Andrew Griffiths

@andrewgriffiths

Build a Realtime Serverless GraphQL API with Websockets on AWS

With the release of AWS AppSync we finally have the ability to create realtime serverless apps on AWS. Previously you were forced to spin up EC2 instances in order to create websocket connections as they are not supported by AWS Lambda.

In the tutorial you’ll learn how to build a simple GraphQL API using AWS AppSync. Then you’ll write a client app in vanilla javascript (no frameworks) that receives realtime updates via websockets. Let’s get started!

1. Setup

Go ahead and install the serverless framework cli which we will be using to deploy our AppSync GraphQL API and create a new directory for our project.

$ npm install -g serverless $ mkdir realtime-chat
$ cd realtime-chat

2. Create GraphQL Schema

We will define a basic GraphQL schema for our chat application.

schema {
query: Query
mutation: Mutation
subscription: Subscription
}
type Subscription {
inbox(to: String): Page
@aws_subscribe(mutations: ["message"])
}
type Mutation {
message(body: String!, to: String!): Page!
}
type Message {
from: String!
to: String!
body: String!
sentAt: String!
}
type Query {
me: String
}

A standard GraphQL schema apart from the realtime subscription which uses a special syntax to indicate to AWS AppSync which mutation to subscribe to (@aws_subscribe(mutations: ["message"])), in this case the message mutation.

3. Create Mapping Templates

Now we have our schema defined we need to add resolvers for it. If you’re expecting to need to write a lambda function you’d be wrong! AppSync introduces the concept of mapping templates which translate the client request to one the backing store (DynamoDB, elasticsearch etc) understands and then translates the response back to the client again.

To keep things simple we are creating an API without a database. AppSync offers a special type of resolver called a local resolver which does not persist the request data but instead just relays it on to whatever subscribers exist at the time.

Let’s create a directory to house our mapping templates.

$ mkdir mapping-templates

Then let’s create the request template for our message mutation in a file called mapping-templates/Message.request.vtl which will extract the fields from the mutation request.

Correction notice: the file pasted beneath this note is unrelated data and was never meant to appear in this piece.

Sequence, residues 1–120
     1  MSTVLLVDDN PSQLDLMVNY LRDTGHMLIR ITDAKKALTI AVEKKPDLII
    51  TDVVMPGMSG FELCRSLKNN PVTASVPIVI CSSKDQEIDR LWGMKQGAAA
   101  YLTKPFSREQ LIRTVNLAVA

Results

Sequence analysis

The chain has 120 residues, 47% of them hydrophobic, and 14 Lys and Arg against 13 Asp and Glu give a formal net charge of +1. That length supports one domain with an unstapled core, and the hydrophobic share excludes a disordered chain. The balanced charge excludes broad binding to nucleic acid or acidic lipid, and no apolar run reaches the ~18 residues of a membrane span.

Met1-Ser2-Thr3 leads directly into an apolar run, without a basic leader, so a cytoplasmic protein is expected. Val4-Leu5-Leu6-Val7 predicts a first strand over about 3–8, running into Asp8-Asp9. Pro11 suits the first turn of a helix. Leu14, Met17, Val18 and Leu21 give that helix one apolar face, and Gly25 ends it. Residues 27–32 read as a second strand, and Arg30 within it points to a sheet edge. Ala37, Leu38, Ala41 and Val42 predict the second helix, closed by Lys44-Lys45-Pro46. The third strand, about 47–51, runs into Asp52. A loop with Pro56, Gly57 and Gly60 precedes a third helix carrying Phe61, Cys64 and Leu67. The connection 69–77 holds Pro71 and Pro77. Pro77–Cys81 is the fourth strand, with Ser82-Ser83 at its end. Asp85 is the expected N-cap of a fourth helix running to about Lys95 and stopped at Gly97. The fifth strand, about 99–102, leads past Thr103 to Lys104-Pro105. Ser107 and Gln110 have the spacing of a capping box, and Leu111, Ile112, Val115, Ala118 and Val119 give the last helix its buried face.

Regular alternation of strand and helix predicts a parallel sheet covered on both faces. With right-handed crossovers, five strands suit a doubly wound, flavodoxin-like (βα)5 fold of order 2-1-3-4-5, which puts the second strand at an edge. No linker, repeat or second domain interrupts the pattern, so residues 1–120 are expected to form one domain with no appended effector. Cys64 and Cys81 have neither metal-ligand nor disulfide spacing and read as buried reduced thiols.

{
"version": "2017-02-28",
"payload": {
"body": "${context.arguments.body}",
"from": "${context.identity.username}",
"to": "${context.arguments.to}",
"sentAt": "$util.time.nowISO8601()"
}
}

For the response we just use the standard forwarding template. Create a file called mapping-templates/ForwardResult.response.vtl with the following contents.

$util.toJson($context.result)

Your folder structure should now look like the following:

$ tree mapping-templates mapping-templates ├── ForwardResult.response.vtl └── Message.request.vtl

4. Deploy AppSync GraphQL API with Serverless Framework

Now we need to create a config file for the serverless framework to provision our API. In order to do this we’re going to use the Serverless-AppSync-Plugin.

Install it with npm.

$ npm install --dev serverless-appsync-plugin

Then create a serverless.yml file with the following contents.

---
service: realtime-chat
frameworkVersion: ">=1.21.0 <2.0.0"
plugins:
- serverless-appsync-plugin
provider:
name: aws
region: eu-west-1
custom:
awsAccountId: ${env:AWS_ACCOUNT_ID}
appSync:
name: realtimeChat
apiKey: ${env:APPSYNC_API_KEY}
apiId: ${env:APPSYNC_API_ID}
authenticationType: API_KEY
schema: schema/schema.graphql
serviceRole: "AppSyncServiceRole" # AppSyncServiceRole is a role defined by amazon and available in all accounts
mappingTemplatesLocation: mapping-templates
mappingTemplates:
- dataSource: Chat
type: Mutation
field: message
request: Message.request.vtl
response: ForwardResult.response.vtl
- dataSource: Chat
type: Subscription
field: inbox
request: Message.request.vtl
response: ForwardResult.response.vtl
dataSources:
- type: NONE # use an AppSync local resolver
name: Chat
description: 'Chat relay'

As you can see we set the data source type to NONE in order to use the local resolver as we do not want to persist the chat messages in a database but instead just forward them to other clients listening for updates.

Our serverless.yml config contains a few environment variables that we must supply. Let’s create a .env file that contains our AWS Account ID and dynamically populates the other variables.

# .env
export AWS_ACCOUNT_ID=123456789
export APPSYNC_API_ID=$(aws appsync list-graphql-apis \
--query 'graphqlApis[?name==`realtimeChat`].apiId' \
--output text >/dev/null 2>&1)
export APPSYNC_API_KEY=$(aws appsync list-api-keys \
--api-id "$APPSYNC_API_ID" \
--query 'apiKeys[0].id' \
--output text >/dev/null 2>&1)

Now we’re ready to deploy our API with a single command:

Congratulations! You’ve just deployed a GraphQL API with realtime support.

5. Create GraphQL Queries For Client Application

The next thing we need to do is to create the GraphQL queries that we will be using from our client to query our API.

First let’s create a directory to house our client code.

$ mkdir src

Then let’s create a directory for our queries.

$ mkdir src/graphql

Create a file at src/graphql/inboxSubscription.js for our subscription query with the following contents:

import gql from 'graphql-tag';
export default gql`
subscription Inbox($to: String) {
inbox(to: $to) {
from
body
}
}`;

This is just a simple subscription query which will return from and body message fields.

6. Download API Config from AWS Console

We need to download the config settings for the app so that it can connect to our GraphQL API.

Navigate to AppSync section in the AWS Console. Select your API and download the web config settings.

You will have a file named AppSync.js in your download area. Move this your src directory and rename it to config.js.